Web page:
“The more warming there’s been in an area, the more you would expect a species to move, and the more they have moved,” said Chris D. Thomas, a conservation biologist at the University of York in England, who led the work published Thursday in the journal Science. “This more or less puts to bed the issue of whether these shifts are related to climate change. There isn’t any obvious alternative explanation for why species should be moving poleward in studies around the world.”
The new analysis reexamined more than 100 previous studies to give a global picture of altitude shifts in 23 groups of plants and animals and latitude shifts in 31 groups.
Although Thomas and colleagues found great variation in how far individual species had shifted over the decades, a trend was clear. On average, species migrated uphill 36 feet per decade and moved away from the equator — to cooler, higher latitudes — at 10 miles per decade. The rates are two to three times those estimated by the last major migration analysis, published in 2003.
“The bottom line is the same point we’ve been making for more than a decade,” said Camille Parmesan, an ecologist at the University of Texas at Austin who has documented the northward shift of butterflies in Europe but was not involved in the new study. “There is a very consistent response globally across groups of species. And the rate of this movement is probably accelerating.”
For some species, warming opened up new zones to colonize. For others, warming drove them to seek cooler climes. Plants and animals tend thrive in a narrow temperature range, said Thomas, so they seek cooler ground when temperatures rise.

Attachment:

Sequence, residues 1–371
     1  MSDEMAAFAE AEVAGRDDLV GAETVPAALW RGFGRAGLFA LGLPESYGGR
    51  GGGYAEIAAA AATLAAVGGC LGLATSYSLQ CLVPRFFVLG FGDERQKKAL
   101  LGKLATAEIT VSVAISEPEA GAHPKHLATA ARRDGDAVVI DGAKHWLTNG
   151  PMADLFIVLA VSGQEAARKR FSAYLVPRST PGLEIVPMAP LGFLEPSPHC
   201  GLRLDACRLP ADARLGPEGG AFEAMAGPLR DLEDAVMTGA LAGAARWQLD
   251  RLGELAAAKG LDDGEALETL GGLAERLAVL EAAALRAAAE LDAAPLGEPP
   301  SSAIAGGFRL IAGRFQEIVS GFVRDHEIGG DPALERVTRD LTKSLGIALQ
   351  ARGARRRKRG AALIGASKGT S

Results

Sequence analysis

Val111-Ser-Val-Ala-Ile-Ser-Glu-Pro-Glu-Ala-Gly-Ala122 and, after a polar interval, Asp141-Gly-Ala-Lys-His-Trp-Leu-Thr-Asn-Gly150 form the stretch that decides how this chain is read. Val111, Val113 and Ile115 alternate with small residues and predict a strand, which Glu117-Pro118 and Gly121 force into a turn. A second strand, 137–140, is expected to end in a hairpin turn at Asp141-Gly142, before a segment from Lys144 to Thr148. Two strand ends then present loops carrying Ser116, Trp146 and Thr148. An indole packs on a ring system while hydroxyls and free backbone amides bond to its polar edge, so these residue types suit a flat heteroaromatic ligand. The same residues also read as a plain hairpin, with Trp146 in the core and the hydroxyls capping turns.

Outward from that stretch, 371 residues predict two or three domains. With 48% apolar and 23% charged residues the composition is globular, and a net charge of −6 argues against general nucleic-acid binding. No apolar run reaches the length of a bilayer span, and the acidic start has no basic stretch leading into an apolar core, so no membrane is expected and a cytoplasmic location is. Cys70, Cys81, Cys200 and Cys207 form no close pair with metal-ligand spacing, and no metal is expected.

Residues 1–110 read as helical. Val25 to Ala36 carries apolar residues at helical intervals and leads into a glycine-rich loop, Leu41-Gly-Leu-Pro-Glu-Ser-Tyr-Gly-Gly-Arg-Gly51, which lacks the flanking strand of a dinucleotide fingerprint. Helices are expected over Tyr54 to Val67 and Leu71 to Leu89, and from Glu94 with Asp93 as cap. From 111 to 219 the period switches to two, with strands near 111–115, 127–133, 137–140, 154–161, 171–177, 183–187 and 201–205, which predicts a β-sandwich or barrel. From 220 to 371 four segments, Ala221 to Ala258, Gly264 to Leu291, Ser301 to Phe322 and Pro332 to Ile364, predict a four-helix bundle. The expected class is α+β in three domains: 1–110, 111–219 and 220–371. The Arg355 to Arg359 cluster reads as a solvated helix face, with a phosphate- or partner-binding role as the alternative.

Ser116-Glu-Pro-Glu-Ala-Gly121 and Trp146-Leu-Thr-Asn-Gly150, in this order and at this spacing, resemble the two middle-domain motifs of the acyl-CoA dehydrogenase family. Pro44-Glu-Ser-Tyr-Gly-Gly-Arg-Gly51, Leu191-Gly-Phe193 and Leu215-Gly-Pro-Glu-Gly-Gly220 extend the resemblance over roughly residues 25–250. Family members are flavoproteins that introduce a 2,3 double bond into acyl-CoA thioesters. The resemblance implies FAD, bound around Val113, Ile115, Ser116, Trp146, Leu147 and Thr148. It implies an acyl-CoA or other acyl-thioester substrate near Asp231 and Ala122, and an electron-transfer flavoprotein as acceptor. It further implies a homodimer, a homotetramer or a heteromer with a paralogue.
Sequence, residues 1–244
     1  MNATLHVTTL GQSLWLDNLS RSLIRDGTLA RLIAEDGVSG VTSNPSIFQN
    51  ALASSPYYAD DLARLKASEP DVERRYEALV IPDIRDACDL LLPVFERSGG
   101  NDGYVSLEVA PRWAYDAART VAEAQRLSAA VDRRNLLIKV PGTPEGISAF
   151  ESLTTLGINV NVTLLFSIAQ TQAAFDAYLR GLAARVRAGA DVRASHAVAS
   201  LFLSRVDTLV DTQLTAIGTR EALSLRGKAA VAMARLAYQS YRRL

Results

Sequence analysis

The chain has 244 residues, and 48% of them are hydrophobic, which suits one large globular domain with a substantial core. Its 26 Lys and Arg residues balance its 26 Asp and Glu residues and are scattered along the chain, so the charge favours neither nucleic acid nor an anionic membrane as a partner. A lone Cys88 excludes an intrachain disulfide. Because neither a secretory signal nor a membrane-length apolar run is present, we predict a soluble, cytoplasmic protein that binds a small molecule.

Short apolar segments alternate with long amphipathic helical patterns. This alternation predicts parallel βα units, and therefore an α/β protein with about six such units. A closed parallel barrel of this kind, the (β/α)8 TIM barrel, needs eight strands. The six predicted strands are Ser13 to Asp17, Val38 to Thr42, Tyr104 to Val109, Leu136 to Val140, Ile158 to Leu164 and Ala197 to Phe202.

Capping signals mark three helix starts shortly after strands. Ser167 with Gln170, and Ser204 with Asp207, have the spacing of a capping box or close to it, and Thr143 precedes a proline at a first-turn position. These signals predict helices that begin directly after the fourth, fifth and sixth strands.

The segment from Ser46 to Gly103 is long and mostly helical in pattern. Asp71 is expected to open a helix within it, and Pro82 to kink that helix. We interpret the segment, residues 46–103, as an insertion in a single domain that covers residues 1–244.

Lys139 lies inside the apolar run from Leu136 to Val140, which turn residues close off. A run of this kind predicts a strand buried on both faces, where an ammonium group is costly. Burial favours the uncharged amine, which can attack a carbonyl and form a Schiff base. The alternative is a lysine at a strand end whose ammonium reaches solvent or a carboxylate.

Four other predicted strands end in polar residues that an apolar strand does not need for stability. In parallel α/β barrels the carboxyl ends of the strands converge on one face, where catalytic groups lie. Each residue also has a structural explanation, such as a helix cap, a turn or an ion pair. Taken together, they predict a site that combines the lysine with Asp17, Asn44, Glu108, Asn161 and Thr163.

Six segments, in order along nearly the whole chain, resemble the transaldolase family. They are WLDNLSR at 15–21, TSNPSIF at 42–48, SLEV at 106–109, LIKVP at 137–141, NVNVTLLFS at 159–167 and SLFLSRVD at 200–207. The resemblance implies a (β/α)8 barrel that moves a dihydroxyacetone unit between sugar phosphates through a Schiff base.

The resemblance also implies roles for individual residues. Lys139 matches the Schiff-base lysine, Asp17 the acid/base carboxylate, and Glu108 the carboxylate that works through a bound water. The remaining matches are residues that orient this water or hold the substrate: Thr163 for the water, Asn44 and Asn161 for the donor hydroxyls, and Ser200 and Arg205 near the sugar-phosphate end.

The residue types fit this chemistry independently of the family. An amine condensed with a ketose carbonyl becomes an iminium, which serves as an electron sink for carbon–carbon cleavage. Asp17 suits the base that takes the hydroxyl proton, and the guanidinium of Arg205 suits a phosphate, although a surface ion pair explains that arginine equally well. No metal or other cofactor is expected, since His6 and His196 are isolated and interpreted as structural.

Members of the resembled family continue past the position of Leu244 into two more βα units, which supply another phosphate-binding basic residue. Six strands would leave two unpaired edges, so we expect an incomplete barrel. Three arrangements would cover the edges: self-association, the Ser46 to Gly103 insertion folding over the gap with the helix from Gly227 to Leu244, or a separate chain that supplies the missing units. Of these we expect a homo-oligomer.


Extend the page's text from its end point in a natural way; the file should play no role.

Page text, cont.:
The mountain-dwelling pika of North America is a prime example. For most of the 20th century, these rodents moved upslope at an average of 43 feet per decade, historical surveys show. But since the late 1990s, the critters scurried upward far faster, climbing 475 feet per decade, researchers at the University of Nevada and elsewhere reported this year.
Likewise, on Mount Kinabalu in Borneo, moths are flapping higher and higher to escape the heat, said I-Ching Chen, an ecologist at Academia Sinica in Taiwan. In 1965, students documented the ranges of more than 100 species of moths on the mountain, a task that Chen repeated in 2007. She found that moths had moved upslope an average of 220 feet in altitude in the intervening four decades.
Mountain species, in particular, “are struggling to keep pace” with global warming, said Shaye Wolf, climate science director at the Center for Biological Diversity. “We’re concerned many species won’t be able to move quickly enough” — or that they will run out of mountaintop to flee to.
As species shift ranges, they’re coming into contact with other species in new patterns, Chen said, a phenomenon called reshuffling. But ecologists are just beginning to study how species reshuffling may affect ecosystems.
As for human health, research shows that mosquitoes that can carry malaria, dengue fever and other tropical diseases have expanded their ranges in recent decades, said Emily Shuman, an infectious diseases physician at Weill Cornell Medical College in New York. The World Health Organization, the Centers for Disease Control and Prevention, and the U.S. Global Change Research Program — established in 1990 to coordinate U.S. government climate change work — have all warned that insect-borne diseases will spread more widely as the planet continues to heat up.
In 2009, mosquito-borne dengue fever returned to the United States after an absence of nearly 75 years, infecting 22 people in Key West, Fla.